Friday, August 11, 2006

How to Watch the First Exhibition Game of the Season.

Idly. Paying only occasional attention. With one hand on the remote clicking back and forth from the Red Sox game. No matter how much one loves the Patriots or any other NFL franchise, more intense concentration on the proceedings will be a waste of energy.

This advice can best be illustrated by listing the exceptions to the rule.

In August 1995, Curtis Martin ran for a touchdown in New England's opening drive of the opening exhibition game at Foxboro Stadium. Two Herald columnists (neither me, I'd 'fess up if guilty) desperate for any angle, spent the rest of the game in a ferocious argument over who'd get to write about Martin's debut. From that day forth, "I'm doing Curtis Martin" has been a stock punchline whenever Herald sportswriters divvy up assignments at a live event.

In August 1999, Michael Bishop (remember him?) was leading the Patriots' 4th stringers in a gallant but ultimately futile comeback against the Redskins' 4th stringers, passing for two late touchdowns and starting another drive as time ran out.

As was the custom at the old dump, especially for night games, reporters were clustered on the end zone runway outside the visitor's locker room, craning over the parked ambulance to keep an eye on the action.

My eyes were focused on a man standing just outside the writer's scrum. He was short, not quite middle-aged, and expensively dressed. Each time Bishop and the Pats got another first down, he'd bounce on the toes of his $500 shoes, sputtering in incoherent rage.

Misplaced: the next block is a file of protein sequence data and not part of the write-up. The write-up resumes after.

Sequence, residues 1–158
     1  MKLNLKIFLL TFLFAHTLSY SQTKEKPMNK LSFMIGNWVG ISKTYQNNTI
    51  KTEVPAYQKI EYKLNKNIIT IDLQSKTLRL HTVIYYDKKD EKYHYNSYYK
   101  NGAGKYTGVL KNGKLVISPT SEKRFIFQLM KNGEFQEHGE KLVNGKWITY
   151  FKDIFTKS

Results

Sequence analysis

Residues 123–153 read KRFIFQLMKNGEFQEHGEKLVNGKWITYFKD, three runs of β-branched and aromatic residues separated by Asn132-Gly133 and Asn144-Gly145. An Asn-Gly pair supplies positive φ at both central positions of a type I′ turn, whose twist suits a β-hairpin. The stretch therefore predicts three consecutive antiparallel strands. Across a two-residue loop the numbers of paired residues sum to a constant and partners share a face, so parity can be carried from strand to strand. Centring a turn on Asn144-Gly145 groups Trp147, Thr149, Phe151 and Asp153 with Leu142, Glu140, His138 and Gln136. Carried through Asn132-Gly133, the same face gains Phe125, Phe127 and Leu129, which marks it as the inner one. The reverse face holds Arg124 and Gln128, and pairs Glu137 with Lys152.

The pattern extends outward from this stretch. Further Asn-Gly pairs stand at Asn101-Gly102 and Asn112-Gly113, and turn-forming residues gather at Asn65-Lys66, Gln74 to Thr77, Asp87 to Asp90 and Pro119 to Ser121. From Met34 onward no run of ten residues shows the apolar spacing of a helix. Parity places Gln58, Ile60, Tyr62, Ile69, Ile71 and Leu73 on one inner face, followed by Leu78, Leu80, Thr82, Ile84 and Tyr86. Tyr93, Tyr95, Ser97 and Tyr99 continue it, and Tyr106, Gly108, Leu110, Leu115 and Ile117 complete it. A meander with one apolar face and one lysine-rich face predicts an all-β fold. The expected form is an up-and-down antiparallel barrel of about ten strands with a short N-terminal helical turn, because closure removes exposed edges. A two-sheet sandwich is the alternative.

"Who's that lunatic?" I asked a Washington writer.

"The new owner," he answered.

Curtis Martin was the goods all right. And Daniel Snyder's tenure as Redsklns' owner has been just as turbulent and unhappy as I guessed it might be that August night. That's it. No other opening preseason games I've experienced (which is going on for 50 of 'em) have offered the slightest hint of foreshadowing about the season to come.

We might have had the third last night. The Colts began their opening preseason tilt with an onsides kick by Adam Vinatieri. That bodes very, very very ill for them. A sense of urgency is a useful, at times essential thing for a pro football team to have. A sense of frantic desperation is not.

Tony Dungy's decision, then, would seem to have used up all the significance the first week of August can possess. Taking a gamble, I will predict that when the contest against the Falcons is blessedly over tonight, Bill Belichick will say "I saw some good things and some bad things out there." He'll say that because that's all there is to be said.

Belichick's dispassionate follow-the-evidence approach to building a team makes him the Gil Grissom of the NFL. In the first exhibition game, the CSI in a hoodie is searching for clues, not solutions. He's just looking for things he might want to look at some more as the preseason progresses.

That's after looking at game films. Watching on TV, odds are a fan, no matter how studious, won't learn a damn thing. It's OK to be glad pro football's back. Just remember that in August it's only sort of back.


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